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Album review

Drift Records

The Drift Collective is a compilation that presents such a consistent tone and quality that it appears to be the work of a single artist. From Mary Hampton’s vocal extravaganza ‘Eros’ to RG Morrison’s spooky parlour piano on ‘In Meadows’, this album evinces a fascination with subdued spaces between folk, electronica and old-fashioned popular song.

Hampton and Morrison provide the stand-out tracks, comfortably adapting acoustic instruments and discreet accompaniment to a direct and emotional song-craft that evokes the early twentieth century. Matt Eaton and Monk Jack Deer provide cheerier fare, rambling along with banjos to a jaunty beat, but the faded, sepia-tinted tone fixes the melancholy in the opening track , ‘I, Dancing Bear’ by Birdengine. Aside from the occasional lapse into the twee, The Drift Collective has the disturbing resonance of an undiscovered British folk tradition.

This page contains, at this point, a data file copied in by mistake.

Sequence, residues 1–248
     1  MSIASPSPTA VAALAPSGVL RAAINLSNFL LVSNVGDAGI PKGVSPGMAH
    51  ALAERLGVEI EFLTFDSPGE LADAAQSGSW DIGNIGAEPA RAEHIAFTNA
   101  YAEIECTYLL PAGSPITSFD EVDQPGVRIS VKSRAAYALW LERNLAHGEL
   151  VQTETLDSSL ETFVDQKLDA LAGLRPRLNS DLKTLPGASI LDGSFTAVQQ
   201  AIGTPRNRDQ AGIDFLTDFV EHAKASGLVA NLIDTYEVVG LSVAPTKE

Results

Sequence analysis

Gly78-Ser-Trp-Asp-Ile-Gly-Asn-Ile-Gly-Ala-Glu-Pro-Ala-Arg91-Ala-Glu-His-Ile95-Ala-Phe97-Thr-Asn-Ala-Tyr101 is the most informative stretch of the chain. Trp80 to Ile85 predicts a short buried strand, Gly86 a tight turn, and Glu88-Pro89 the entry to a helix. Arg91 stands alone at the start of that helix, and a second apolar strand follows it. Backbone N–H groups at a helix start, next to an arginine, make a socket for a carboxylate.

Despite the label’s acceptance of the fictional folktronica tag- electronic folk music will be more than a few glitches and cracks atop an acoustic guitar- Drift Records have assembled a strong roster that manages to embrace the past while retaining an ironic distance, forging new paths out of the acoustic tradition.